Get to know the new mapping standards ahead of O-Ringen

This summer’s O-Ringen in Sweden’s High Coast region may be the first exposure to the new mapping standards for many orienteers. If this will be your first encounter with the new standards, make sure to learn the new symbols.

- People need to wake up before O-Ringen, says map controller Hans-Åke Öström.

New mapping standards were adopted back in 2017, but it takes time for such a change to take effect for all new maps and competitors. As a result, many orienteers will see the new symbols for the first time during O-Ringen 2018.

- These changes will lead to a clearer and more easily readable map, which is one of the goals for the new standards, says Hans-Åke Öström, who is the map controller for O-Ringen 2018 together with Sven Lundbäck.

All of the new maps created for O-Ringer follow the new mapping standards. This includes all of the training maps, which means that you can become familiar with the new standards by arriving a day or two earlier and training on these maps. The training maps can be found here. Information about the training maps can be found here.external link

 

Nya kartnormen

Gamla kartnormen

Gamla kartnormen

Open rocky hilltops mapped with grey

Rocky hilltops that lack any kind of vegetation will now be marked with grey, but such spots will not be especially common during O-Ringen. On the other hand, various shades of yellow will be frequent on top of Örnsköldsvik’s open mountains, which are often covered with moss or some other type of low vegetation.

- Two of the stages will feature large open areas with bare rock and scattered trees here and there. This will be shown with the “scattered trees” symbol, yellow with white dots, which is meant to indicate areas that have occasional trees, but are mostly very open, says Öström.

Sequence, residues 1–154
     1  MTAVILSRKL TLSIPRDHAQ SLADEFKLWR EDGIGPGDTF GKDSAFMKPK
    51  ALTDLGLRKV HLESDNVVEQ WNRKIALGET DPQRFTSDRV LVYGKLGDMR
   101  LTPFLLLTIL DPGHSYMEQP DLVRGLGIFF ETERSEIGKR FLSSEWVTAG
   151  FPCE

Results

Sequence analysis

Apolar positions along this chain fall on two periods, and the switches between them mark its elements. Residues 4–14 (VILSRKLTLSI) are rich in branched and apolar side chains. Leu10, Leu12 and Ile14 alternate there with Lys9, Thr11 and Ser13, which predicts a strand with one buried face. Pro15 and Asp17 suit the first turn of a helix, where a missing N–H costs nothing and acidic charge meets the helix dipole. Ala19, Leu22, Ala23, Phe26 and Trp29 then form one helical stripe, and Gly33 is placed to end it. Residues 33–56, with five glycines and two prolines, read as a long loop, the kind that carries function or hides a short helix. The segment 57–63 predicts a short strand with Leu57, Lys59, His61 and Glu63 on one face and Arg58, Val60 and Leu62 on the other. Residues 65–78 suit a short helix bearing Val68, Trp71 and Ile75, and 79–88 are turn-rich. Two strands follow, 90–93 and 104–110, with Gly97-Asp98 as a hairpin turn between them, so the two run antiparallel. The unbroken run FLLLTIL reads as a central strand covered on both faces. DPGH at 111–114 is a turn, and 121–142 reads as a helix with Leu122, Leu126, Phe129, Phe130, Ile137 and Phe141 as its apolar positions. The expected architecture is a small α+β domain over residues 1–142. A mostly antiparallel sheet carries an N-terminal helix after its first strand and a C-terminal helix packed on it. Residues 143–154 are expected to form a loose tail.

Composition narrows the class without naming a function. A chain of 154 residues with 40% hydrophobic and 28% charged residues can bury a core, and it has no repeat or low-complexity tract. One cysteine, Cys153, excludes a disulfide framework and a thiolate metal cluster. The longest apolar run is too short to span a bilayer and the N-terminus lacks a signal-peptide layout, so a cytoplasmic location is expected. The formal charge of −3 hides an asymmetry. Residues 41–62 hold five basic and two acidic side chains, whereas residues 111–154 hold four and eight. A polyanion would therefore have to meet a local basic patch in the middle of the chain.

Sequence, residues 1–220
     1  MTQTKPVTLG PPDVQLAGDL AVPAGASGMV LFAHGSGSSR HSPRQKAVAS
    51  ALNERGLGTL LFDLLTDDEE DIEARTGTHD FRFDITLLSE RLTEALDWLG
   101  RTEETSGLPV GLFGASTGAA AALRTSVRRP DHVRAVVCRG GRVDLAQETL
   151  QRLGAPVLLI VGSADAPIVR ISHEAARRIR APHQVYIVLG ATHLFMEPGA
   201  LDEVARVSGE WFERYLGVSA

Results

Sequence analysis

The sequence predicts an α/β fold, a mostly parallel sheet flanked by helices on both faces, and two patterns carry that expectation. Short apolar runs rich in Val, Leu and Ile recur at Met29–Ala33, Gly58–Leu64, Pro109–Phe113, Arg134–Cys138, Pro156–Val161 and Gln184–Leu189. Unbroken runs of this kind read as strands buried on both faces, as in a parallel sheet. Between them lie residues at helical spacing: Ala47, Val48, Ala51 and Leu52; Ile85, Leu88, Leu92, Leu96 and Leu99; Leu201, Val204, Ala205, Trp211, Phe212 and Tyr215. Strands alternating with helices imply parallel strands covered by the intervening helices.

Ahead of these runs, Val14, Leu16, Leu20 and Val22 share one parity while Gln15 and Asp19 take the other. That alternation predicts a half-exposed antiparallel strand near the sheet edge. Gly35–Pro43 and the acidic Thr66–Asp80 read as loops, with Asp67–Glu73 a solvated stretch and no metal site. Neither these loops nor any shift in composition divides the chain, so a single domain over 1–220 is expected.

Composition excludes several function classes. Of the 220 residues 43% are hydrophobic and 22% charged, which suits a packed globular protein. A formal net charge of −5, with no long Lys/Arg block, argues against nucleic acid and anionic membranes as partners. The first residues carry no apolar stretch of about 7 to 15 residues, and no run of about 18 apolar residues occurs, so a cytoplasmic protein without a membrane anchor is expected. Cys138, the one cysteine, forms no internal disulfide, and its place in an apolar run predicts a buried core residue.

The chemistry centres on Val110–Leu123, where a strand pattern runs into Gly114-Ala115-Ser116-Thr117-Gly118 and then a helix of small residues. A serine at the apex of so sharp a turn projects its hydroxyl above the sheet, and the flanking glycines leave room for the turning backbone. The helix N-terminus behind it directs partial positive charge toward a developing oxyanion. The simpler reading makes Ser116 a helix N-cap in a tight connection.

More changes

The new map standards introduce several other changes:

  • Springs will no longer be indicated by blue rings. Instead, the symbol will be a blue square.
  • Form lines will now be drawn using thinner lines than previously.
  • The space between dots indicating stony ground will correspond to the degree of rockiness: the closer together the dots, the stonier the area. This is stated more explicitly in the new mapping standards.
  • The route from the clock start and the start triangle will now be added to control descriptions and shown by a dashed line on the map. This part of the course had previously not been included in the calculation of course length.
  • North lines on the map will now have to be parallel to the map’s edge.


Hans-Åke Öström is issuing a challenge to all O-Ringen participants:
- It’s important to be aware of the changes ahead of O-Ringen in order to avoid unnecessary mistakes. Pre-runners made several mistakes when testing the


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